He aggregates not just the news coming out of Iran but also the domestic debates over what it all means and what the President ought to be doing about it…What really makes the Dish’s coverage of this story so compelling, though, is that its impresario brings to it the same engagé passion that he has brought to the torture revelations and the gay marriage fight. This is a high point of Web journalism. [my emphasis]

For what it’s worth, Sullivan quotes another blogger who suggests CNN may have turned a corner:

After taking it on the chin from the blogosphere for several days, it’s time to applaud CNN.  Last weekend, CNN was basically dead air on Iran.  This weekend the full power of CNN is on display, in what amounts to a team effort to duplicate what only Andrew Sullivan and Nico Pitney have done from their laptops up to now.

The Obama I Remember

Monday, February 9th, 2009

This is the Obama I remember – the one I’ve been waiting to appear since his election back in November:

If you wonder where his urgency comes from, check out the following graphs:

This first one is from Nancy Pelosi’s blog, The Gavel:

[Click on the above image for a full size version.]

CNN released this graph at the beginning of this year, attempting to place 2008’s job losses in historical perspective:

What’s scarier is that before September, 2008 was not shaping up to be a bad year in terms of job losses. Instead, in the last four months of the year, almost 2 million jobs were lost. 

This final graph is from Stephen at Live Granades:

As you can see, the 1974 decline was steeper – and the economy was able to bounce back from that quickly – although that recession was controlled all the way by the Fed – which now has exhausted it’s power.

The escalating rhetoric out of Washington today actually reminds me a great deal of the Bush administration’s reaction to September 11. After the attack, Cheney and Bush and the rest of the team demanded unfiltered intelligence briefings regularly – and as they saw the scope and depth of the dangers that might be facing us, they panicked. Every moment, they were staring into the abyss – and they decided to take any measures possible to prevent “the next attack” which everyone saw as imminent. Their fear was an existential fear – which led them to mistake the threat from Al Qaeda for an existential threat. They weren’t entirely wrong – but where they went extremely wrong was in how they refused to back down from their emergency measures after it became clear that another attack was not imminent – or that we were not under constant assault.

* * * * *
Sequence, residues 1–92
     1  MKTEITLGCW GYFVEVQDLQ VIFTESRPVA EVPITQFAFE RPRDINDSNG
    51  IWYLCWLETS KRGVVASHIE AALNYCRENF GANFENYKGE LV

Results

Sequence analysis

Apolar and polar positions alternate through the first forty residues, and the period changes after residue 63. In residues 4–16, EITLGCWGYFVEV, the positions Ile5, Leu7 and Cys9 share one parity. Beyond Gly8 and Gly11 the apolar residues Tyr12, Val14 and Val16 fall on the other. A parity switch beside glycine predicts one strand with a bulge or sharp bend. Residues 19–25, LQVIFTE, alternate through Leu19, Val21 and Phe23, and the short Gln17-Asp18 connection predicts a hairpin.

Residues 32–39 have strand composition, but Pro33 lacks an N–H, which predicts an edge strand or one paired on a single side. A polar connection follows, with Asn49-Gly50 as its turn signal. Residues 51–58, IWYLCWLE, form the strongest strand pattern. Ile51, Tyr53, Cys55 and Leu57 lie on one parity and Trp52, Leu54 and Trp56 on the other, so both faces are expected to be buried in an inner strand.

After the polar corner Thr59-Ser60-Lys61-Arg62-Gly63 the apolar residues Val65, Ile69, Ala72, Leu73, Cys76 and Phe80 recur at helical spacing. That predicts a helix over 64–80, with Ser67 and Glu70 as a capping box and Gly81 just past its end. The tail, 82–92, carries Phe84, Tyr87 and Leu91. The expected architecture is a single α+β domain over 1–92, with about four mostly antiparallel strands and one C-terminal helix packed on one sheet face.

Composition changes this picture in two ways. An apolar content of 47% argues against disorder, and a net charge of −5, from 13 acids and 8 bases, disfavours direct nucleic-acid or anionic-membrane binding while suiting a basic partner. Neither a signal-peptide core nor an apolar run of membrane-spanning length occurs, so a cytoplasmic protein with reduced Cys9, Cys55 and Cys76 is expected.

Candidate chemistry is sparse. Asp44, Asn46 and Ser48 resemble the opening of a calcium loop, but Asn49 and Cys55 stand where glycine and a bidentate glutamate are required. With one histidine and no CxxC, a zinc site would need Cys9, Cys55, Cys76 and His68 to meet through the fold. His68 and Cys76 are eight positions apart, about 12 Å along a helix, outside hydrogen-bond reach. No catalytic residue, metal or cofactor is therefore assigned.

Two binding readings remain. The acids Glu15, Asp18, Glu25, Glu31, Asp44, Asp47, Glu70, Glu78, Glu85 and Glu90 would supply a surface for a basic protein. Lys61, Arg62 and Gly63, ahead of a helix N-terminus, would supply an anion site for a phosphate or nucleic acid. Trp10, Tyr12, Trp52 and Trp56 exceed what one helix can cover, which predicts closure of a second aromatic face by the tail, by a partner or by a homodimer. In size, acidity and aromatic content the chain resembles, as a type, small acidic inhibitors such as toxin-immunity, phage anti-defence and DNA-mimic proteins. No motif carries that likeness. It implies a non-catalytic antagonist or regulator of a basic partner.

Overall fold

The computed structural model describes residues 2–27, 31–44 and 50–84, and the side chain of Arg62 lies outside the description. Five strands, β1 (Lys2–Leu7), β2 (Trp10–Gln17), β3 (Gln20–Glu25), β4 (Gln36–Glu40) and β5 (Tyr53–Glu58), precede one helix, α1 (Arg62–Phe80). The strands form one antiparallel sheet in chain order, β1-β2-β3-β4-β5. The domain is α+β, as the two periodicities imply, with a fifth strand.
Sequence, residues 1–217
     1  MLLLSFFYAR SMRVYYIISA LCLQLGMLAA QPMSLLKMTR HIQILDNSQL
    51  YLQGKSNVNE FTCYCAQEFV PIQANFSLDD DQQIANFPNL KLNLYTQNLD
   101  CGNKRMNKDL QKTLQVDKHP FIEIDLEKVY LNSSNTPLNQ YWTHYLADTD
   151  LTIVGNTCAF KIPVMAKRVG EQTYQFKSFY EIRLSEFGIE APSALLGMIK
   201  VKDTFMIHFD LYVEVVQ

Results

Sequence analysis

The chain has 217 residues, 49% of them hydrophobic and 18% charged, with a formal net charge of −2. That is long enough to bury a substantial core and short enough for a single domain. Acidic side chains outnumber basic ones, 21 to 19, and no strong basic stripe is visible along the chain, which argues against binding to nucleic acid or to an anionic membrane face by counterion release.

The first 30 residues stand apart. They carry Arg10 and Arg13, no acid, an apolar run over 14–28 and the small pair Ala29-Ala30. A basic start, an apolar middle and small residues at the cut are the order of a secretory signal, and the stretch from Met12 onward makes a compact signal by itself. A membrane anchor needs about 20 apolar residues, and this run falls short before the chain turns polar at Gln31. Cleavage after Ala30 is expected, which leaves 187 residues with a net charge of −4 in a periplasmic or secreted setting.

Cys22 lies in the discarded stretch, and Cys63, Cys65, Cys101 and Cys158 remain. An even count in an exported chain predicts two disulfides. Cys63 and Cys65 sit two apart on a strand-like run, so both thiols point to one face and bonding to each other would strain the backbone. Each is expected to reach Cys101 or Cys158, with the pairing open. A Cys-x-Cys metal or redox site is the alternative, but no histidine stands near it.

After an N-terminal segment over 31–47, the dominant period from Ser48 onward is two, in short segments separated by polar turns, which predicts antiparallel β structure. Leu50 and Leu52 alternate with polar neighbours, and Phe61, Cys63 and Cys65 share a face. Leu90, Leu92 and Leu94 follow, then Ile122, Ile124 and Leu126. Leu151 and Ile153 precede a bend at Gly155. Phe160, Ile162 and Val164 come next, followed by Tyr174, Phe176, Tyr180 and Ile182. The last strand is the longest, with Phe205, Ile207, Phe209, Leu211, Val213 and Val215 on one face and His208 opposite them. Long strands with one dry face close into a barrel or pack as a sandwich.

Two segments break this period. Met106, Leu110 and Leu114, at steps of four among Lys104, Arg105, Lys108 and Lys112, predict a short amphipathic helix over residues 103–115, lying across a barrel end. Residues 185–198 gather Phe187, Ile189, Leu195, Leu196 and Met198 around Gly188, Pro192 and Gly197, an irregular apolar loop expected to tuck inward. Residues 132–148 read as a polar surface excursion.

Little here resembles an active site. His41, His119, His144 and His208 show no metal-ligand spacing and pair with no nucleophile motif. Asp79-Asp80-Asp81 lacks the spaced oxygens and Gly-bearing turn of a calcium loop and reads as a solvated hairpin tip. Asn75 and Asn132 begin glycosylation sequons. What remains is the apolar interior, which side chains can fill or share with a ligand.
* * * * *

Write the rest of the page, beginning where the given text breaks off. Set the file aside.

Today, Obama faces a similar crisis – one that seems – with it’s precipitious declines in economic and financial measures – to be existential. It may be so. No one knows exactly what to do to fix this problem – but they know they must do something. As with the George W. Bush administration, mistakes will be made – and given the size of the government, they will probably be large mistakes. 

But the difference will come in the next step. Responding to an unprecedented crisis, any administration will likely screw up. If you get it right, it will largely be by accident. But following the crisis – when things are beginning to improve and the imminence of the threat to the nation is no longer pressing – we must reevaluate our entire strategic framework, see what worked and what didn’t, what backfired and what might be able to be improved. The great tragedy of the Bush administration was that they refused to do this for the War Against Terrorism. They never took a step back from the emergency mentality that set in after September 11 to evaluate if our strategy was actually working – and instead attacked as weak and even traitorous anyone who suggested doing so. 

Obama will do well to remember that the measures he is taking now are emergency measures to rescue the economy – and to be prepared to re-think America’s financial and economic model as soon as this crisis has passed. He has indicated he plans to do so – with his talk of a Grand Bargain. We need to make sure he follows through.

Clinton inciting an “open civil war”

Friday, May 23rd, 2008

This is not very promising.

According to David Edwards from RawStory, CNN’s Suzanne Malveaux is reporting that “Clinton insiders” are suggesting “open civil war” to get Senator Clinton the Vice Presidential slot.